Foreman Biodiversity Lecture: The use of rights-based management in preventing overfishing
By Taylor Allyn
Elizabeth Silleck, a senior conservation manager at the Environmental Defense Fund, discussed rights-based management of fisheries as part of the Foreman Biodiversity Lecture series at Stetson University College of Law.
Silleck works with the Gulf of Mexico Oceans Program, the goal of which is to bring fishermen, chefs and communities together to rebuild the fisheries in the Gulf. According to the EDF website, the Gulf of Mexico “supplies more than 40 percent of our domestic seafood and provides billions of dollars a year in wages for the fishing and tourism industries across five states.”
Gulf fisheries have struggled with an overfishing crisis, but significant gains have been made to limit overfishing, turn the fishery around, and provide increased access to local and national communities.
The Magnuson-Stevens Act
The concept of sustainable fishing practices began with The Magnuson–Stevens Fishery Conservation and Management Act (commonly referred to as the Magnuson–Stevens Act) of 1976. Created to prevent foreign fishing fleets from depleting resources off the coast of the United States, the Act also established the regional fishery management structure that currently exists today.
In each coastal area, there are regional councils comprised of representatives from the state, including a representative from each state’s natural resources department. In Florida, the Fish and Wildlife Conservation Commission is represented on both the Gulf council and the South Atlantic council. Customarily, each state has representation from a person affiliated with the commercial fishing sector, and a person affiliated with the recreational fishing sector. According to Silleck, this selection is intended to achieve a balance between not only commercial and recreational interests, but also the interests of the states.
The Magnuson-Stevens Act also required fishery management plans and established the concept of maximum sustainable yield—in other words, how much fishing can occur without jeopardizing the ability of the stock to replenish itself.
Despite this early action and structure, the original Act did not really work to prevent overfishing, Silleck said. It was amended in 1996 and took into account social and economic factors that could affect the maximum sustainable yield. This legislation also introduced requirements to rebuild populations that had been subject to overfishing.
The Act was amended for a third time in 2007, and according to Silleck, this time there were finally teeth in the law. The new iteration of the law required that science-based annual catch limits be established, along with accountability measures for fishery management plans and consequences for breaking the law. For example, a commonly used accountability measure for exceeding the annual catch limit is referred to as a “payback,” in which the next year’s catch limit is reduced by the amount the limit was exceeded. Catch limits are approved by scientists associated with each regional council who understand their regional species and habitats.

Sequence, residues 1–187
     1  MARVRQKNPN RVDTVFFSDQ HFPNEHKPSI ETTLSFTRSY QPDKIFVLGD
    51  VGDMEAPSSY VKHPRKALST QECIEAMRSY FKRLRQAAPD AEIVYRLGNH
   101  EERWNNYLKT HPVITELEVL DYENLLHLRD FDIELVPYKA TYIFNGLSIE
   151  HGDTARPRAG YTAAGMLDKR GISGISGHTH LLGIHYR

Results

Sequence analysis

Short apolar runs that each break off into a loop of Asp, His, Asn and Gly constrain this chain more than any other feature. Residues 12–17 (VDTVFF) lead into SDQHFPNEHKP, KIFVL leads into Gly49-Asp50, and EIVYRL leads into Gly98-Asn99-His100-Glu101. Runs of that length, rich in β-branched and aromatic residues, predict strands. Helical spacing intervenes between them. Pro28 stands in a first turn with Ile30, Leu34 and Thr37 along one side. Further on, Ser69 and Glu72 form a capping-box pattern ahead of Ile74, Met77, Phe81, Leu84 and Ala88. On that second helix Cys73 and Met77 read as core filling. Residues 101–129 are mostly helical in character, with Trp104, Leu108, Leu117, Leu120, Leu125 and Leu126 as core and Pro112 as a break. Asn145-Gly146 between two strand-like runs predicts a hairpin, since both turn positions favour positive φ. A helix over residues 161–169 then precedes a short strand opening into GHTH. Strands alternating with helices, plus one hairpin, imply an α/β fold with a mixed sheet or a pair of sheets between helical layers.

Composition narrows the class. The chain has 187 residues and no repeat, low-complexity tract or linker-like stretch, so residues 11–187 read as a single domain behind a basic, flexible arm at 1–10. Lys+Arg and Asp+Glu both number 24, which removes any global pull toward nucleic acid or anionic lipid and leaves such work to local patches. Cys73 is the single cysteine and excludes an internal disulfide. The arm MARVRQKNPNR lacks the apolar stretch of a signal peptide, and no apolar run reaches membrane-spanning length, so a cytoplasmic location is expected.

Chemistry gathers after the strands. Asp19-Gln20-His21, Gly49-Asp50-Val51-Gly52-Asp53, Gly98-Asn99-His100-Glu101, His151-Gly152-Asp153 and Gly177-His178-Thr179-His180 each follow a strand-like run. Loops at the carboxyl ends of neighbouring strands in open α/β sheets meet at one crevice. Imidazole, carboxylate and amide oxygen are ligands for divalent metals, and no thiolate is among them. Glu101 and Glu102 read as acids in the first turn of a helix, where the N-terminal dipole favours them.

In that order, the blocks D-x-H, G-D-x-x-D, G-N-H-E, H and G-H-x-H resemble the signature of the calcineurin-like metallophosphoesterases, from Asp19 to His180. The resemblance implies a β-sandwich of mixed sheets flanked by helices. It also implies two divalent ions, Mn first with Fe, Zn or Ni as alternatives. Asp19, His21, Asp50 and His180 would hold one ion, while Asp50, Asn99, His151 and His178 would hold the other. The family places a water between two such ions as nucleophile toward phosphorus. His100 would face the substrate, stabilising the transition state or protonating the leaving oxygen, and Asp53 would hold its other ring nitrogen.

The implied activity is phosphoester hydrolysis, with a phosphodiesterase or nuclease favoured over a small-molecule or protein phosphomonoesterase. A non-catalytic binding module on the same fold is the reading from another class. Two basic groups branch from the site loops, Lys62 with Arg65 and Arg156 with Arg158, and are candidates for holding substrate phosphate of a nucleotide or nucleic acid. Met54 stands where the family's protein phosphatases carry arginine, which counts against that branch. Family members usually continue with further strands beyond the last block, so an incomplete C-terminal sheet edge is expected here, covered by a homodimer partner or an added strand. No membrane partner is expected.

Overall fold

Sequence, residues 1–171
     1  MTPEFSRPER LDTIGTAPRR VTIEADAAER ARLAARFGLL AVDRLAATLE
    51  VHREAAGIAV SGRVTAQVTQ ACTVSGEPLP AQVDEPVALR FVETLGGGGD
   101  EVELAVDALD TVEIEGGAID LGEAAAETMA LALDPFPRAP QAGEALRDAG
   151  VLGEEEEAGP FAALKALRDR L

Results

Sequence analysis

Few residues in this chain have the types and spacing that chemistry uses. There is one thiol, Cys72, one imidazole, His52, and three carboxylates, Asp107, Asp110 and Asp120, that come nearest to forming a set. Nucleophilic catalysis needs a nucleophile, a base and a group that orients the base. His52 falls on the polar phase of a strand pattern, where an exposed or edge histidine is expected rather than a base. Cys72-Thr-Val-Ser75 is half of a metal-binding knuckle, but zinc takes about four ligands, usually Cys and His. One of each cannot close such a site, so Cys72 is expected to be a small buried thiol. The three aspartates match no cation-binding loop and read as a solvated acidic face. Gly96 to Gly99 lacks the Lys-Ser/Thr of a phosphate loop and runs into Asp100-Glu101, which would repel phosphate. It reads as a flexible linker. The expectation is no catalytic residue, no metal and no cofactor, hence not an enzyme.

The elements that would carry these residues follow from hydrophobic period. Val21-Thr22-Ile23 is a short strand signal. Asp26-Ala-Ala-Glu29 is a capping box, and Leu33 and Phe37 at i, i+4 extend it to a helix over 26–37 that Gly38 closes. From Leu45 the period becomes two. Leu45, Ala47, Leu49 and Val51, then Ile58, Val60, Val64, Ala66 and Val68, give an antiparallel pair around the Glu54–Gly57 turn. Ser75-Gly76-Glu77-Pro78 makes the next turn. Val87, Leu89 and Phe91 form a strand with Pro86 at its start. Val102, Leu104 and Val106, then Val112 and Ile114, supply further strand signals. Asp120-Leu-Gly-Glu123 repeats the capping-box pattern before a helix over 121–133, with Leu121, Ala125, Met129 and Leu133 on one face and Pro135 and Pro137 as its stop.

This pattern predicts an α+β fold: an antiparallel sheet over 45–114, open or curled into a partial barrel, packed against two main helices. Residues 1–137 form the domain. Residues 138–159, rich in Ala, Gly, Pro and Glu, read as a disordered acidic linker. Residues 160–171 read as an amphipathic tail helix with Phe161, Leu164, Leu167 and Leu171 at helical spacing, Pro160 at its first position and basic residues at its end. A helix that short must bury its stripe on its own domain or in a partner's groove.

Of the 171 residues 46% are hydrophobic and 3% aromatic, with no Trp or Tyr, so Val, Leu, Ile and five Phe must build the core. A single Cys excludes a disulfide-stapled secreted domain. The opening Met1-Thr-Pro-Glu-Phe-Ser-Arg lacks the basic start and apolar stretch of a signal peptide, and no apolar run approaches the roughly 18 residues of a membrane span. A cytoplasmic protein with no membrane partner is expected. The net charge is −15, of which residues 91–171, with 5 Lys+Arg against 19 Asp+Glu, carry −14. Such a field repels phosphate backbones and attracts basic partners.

Secure fishing rights – or rights-based management – is used to combat overfishing by aligning economic incentives with sustainability measures, Silleck explained. Under this kind of program, a fishing area or proportion of a catch is allocated to individuals or groups of fishermen.
“The idea is that over time, because people know that they have a secure interest in the fishery, they are going to be more responsible stewards of that portion that they have– because as it grows, they are going to have more fish,” she said.
The benefits of secure fishing rights are ecological, economic, and social, Silleck said. These programs utilize scientific catch limits and reduce the amount of discards in the ocean because they eliminate the race to fish as much as possible. The values of fisheries also increase as do the prices that fishermen can get for their catches.
“We’ve seen here in the Gulf higher prices for the catch that are associated with the fact that it comes from a sustainably managed fishery [and] the fact that you don’t have everybody flooding the market with the same type of fish.”
The potential challenges of rights-based management programs include equity in allocation, she said.
About the Foreman Biodiversity Lecture Series
Stetson Law’s Institute for Biodiversity Law and Policy serves as an interdisciplinary focal point for education, research and service activities related to global, regional and local biodiversity issues. The Foreman Biodiversity Lecture Series brings to campus numerous experts in environmental law and environmental science. You can view Silleck’s complete lecture on the Stetson Law YouTube channel.
Post date: Oct. 19, 2019